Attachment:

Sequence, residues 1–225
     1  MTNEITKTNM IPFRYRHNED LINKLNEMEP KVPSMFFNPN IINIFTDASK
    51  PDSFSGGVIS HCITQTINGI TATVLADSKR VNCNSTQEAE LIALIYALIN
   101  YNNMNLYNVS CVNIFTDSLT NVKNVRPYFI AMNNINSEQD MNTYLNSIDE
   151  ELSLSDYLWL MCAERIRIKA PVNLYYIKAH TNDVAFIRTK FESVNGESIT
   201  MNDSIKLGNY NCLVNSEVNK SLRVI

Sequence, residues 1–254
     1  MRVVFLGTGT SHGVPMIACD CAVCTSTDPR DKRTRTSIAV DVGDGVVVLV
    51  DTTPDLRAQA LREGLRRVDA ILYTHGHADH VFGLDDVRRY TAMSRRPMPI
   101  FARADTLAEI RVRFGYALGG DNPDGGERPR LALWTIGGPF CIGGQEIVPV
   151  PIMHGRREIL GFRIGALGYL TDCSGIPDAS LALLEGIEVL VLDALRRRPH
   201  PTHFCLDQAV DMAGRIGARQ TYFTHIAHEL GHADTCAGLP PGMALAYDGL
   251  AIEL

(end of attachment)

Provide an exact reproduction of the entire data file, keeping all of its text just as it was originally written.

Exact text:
Sequence, residues 1–225
     1  MTNEITKTNM IPFRYRHNED LINKLNEMEP KVPSMFFNPN IINIFTDASK
    51  PDSFSGGVIS HCITQTINGI TATVLADSKR VNCNSTQEAE LIALIYALIN
   101  YNNMNLYNVS CVNIFTDSLT NVKNVRPYFI AMNNINSEQD MNTYLNSIDE
   151  ELSLSDYLWL MCAERIRIKA PVNLYYIKAH TNDVAFIRTK FESVNGESIT
   201  MNDSIKLGNY NCLVNSEVNK SLRVI

Sequence, residues 1–254
     1  MRVVFLGTGT SHGVPMIACD CAVCTSTDPR DKRTRTSIAV DVGDGVVVLV
    51  DTTPDLRAQA LREGLRRVDA ILYTHGHADH VFGLDDVRRY TAMSRRPMPI
   101  FARADTLAEI RVRFGYALGG DNPDGGERPR LALWTIGGPF CIGGQEIVPV
   151  PIMHGRREIL GFRIGALGYL TDCSGIPDAS LALLEGIEVL VLDALRRRPH
   201  PTHFCLDQAV DMAGRIGARQ TYFTHIAHEL GHADTCAGLP PGMALAYDGL
   251  AIEL